Taxes, Permits trading, Subsidies, Energy efficiency standards, CO2 standards, Emission reduction targets, Trade agreements.

IMACLIM

Imaclim-R is intended to study the interactions between energy systems and the economy, to assess the feasibility of low carbon development strategies and the transition pathway towards low carbon future.

Hybrid: general equilibrium with technology explicit modules. Recursive dynamics: each year the equilibrium is solved (system of non-linear equations), in between two years parameters to the equilibrium evolve according to specified functions.

Imaclim-R is implemented in Scilab, and uses the fonction fsolve from a shared C++ library to solve the static equilibrium system of non-linear equations.

Recursive dynamics: each year the equilibrium is solved (system of non-linear equations), in between two years parameters to the equilibrium evolve according to specified functions.

Base year:2001, time steps:Annual, horizon: 2050 or 2100

Number of regions:12

  1. USA
  2. Canada
  3. Europe
  4. China
  5. India
  6. Brazil
  7. Middle East
  8. Africa
  9. Commonwealth of Independant States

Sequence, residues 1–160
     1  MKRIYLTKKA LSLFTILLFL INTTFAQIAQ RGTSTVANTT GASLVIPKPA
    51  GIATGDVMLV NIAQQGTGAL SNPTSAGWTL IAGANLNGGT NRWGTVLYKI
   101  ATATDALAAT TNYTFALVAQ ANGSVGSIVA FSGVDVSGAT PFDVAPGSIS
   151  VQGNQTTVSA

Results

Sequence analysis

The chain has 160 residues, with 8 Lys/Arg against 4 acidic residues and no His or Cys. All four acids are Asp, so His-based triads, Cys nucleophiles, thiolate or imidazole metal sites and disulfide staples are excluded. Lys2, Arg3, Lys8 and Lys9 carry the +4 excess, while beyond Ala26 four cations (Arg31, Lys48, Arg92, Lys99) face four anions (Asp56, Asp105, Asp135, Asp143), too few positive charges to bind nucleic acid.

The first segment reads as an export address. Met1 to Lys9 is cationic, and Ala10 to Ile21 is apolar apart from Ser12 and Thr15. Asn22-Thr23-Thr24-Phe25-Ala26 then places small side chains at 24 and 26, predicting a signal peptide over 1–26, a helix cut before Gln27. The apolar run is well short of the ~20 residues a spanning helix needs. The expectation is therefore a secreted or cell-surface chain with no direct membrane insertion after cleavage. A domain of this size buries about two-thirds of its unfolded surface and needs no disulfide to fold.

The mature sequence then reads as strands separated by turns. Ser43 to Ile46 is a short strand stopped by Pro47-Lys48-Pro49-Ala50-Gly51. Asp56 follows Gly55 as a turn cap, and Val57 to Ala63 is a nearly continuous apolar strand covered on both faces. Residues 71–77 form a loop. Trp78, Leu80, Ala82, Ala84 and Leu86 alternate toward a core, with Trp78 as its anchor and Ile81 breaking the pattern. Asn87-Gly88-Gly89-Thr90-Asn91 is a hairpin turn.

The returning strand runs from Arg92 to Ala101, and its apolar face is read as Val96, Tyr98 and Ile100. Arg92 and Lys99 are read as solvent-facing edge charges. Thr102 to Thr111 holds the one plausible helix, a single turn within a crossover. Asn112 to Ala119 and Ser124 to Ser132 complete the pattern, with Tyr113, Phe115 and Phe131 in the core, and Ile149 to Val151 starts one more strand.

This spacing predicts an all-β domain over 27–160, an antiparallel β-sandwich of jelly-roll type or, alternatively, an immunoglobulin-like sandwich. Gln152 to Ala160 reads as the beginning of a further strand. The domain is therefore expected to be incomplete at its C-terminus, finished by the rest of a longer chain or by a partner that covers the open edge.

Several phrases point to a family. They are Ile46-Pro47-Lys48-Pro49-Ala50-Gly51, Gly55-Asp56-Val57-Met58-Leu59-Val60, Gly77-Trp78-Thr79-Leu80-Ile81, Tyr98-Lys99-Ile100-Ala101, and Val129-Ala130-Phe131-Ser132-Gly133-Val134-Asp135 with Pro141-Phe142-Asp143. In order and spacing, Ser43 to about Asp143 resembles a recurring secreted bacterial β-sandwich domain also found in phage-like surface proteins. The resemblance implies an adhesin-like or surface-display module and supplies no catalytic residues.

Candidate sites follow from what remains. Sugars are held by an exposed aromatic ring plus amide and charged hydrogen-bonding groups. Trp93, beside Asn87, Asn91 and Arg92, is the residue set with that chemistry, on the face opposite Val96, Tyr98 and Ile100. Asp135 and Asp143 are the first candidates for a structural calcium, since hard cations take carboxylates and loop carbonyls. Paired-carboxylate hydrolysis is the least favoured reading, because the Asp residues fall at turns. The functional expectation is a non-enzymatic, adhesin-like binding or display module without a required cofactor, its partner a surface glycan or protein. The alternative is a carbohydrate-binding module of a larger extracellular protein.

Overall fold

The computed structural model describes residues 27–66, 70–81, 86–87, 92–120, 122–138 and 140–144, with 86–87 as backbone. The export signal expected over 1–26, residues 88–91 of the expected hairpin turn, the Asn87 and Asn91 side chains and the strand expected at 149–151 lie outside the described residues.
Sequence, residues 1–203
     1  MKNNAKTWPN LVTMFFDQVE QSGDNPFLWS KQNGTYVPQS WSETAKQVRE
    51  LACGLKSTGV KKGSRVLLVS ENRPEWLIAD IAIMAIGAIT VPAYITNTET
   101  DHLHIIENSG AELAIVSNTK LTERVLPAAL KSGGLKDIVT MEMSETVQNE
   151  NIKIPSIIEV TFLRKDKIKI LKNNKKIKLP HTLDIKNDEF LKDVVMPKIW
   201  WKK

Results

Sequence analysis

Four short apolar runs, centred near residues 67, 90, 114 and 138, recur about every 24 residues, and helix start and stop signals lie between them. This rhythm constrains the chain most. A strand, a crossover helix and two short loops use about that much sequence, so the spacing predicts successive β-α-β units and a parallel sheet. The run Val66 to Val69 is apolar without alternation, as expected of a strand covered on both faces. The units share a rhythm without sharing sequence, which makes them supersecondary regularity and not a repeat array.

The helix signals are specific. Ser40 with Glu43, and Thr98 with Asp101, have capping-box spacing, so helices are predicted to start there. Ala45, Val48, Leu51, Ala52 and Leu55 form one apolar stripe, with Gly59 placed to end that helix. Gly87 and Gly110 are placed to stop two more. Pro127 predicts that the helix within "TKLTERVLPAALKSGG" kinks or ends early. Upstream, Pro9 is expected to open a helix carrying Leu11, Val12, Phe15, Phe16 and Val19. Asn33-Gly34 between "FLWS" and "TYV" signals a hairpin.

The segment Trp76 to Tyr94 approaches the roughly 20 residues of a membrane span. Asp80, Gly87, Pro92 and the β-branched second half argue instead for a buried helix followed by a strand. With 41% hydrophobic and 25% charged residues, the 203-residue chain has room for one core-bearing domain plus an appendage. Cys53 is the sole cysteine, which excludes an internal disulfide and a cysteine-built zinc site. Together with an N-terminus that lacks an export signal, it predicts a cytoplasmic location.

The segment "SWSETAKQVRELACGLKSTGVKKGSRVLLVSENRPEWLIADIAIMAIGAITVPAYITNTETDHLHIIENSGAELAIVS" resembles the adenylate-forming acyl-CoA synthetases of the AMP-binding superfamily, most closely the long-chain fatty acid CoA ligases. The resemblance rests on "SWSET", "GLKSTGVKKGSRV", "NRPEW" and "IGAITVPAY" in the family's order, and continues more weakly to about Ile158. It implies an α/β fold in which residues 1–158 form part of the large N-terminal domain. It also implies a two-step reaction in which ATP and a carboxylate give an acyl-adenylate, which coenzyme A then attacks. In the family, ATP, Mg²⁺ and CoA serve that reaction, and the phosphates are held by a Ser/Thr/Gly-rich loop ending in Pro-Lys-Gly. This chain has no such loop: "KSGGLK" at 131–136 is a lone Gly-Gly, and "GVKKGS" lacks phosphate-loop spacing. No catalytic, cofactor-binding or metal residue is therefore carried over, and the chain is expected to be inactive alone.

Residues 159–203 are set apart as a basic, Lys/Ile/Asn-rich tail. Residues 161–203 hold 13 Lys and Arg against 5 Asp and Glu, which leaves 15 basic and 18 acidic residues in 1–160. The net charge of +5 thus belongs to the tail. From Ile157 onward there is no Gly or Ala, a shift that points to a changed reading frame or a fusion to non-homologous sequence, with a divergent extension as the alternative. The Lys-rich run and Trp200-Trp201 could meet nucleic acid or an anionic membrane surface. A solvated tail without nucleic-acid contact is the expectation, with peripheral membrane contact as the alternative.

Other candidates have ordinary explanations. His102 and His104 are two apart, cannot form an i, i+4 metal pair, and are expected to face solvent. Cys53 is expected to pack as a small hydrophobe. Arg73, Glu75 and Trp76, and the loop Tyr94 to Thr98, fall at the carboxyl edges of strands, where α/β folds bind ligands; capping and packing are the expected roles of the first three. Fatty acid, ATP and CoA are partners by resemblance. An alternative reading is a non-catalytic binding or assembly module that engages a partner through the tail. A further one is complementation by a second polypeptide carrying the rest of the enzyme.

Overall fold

10. OECD Pacific
  11. Rest of Asia
  12. Rest of Latin Amercia

Baseline do not include explicit climate policies.

Climate/energy policies can be implemented in a number of ways, depending on the policy. A number of general or specific policy choices can be modelled including:

Emissions or energy taxes, permit trading, specific technology subsidies, regulations, technology and/or resource constraints

IMAGE

IMAGE is an ecological-environmental model framework that simulates the environmental consequences of human activities worldwide. The objective of the IMAGE model is to explore the long- term dynamics and impacts of global changes that result. More specifically, the model aims

  1. to analyse interactions between human development and the natural environment to gain better insight into the processes of global environmental change;
  2. to identify response strategies to global environmental change based on assessment of options and